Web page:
It was a $10,000 conversation, but that’s not what I earned from it. That’s what it cost me. And I’m glad of it.
This conversation over coffee took place in 1999, just after I’d jumped from a marketing job with a Big Four accounting firm, to start my own business. The meeting was with a business coach I’ll call “Judy,” as part of an initial consultation.
I’d told Judy that I wanted to build a practice working with professional services firms. But I’d been offered a contract to do PR work for a wood-stove manufacturer, quite outside my area of interest. Just starting out, even with a good cushion of savings, the $10,000 contract looked pretty amazing to me. And I’d grown up in a house that relied on a wood-stove for heat, so I knew the product.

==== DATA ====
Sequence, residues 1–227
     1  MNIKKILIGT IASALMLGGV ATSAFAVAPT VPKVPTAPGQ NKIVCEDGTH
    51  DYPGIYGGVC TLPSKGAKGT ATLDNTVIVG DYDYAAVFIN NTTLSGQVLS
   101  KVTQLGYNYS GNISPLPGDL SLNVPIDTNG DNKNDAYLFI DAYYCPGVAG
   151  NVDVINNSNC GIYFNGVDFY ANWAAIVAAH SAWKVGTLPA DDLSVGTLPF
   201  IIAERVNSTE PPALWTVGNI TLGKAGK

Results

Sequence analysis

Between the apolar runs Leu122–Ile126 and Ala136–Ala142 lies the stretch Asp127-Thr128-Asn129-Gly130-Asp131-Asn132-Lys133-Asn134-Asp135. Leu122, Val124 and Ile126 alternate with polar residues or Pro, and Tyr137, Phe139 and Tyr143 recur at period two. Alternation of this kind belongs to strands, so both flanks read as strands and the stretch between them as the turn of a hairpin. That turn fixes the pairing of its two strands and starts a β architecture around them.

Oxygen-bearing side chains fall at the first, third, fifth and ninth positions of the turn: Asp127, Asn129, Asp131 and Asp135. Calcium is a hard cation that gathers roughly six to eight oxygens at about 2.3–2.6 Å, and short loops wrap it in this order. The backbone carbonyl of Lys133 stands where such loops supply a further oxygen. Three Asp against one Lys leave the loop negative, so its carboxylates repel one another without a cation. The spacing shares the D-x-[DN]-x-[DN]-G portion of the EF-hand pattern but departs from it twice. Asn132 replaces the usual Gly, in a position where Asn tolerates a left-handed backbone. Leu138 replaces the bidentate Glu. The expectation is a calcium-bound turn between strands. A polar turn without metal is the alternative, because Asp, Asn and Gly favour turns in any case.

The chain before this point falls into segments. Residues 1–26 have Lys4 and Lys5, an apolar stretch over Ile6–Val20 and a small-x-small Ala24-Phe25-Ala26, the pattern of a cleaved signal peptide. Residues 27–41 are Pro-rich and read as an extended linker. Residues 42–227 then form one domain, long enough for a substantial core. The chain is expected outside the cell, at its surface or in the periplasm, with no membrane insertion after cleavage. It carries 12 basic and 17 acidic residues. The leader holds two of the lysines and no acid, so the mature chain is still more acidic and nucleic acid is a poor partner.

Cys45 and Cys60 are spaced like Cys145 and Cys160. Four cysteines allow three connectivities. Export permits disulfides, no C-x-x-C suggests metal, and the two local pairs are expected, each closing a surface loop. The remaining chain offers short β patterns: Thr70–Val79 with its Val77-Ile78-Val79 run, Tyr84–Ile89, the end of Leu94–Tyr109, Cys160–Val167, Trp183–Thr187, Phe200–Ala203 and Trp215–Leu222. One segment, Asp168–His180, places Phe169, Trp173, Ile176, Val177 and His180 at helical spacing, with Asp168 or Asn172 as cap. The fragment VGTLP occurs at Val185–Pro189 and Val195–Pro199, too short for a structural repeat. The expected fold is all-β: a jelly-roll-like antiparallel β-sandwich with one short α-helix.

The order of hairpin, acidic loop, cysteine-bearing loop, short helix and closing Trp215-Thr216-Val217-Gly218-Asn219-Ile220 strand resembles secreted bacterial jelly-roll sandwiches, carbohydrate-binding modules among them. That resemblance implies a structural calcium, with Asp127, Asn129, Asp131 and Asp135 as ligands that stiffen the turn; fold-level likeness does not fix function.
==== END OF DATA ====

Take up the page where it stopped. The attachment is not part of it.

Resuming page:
Judy gently probed around that. Did I really want to step so far off my business plan and area of expertise, to focus on a consumer product? Wouldn’t the time I spent pushing wood-stoves be time I wouldn’t be building my profile with professional firms?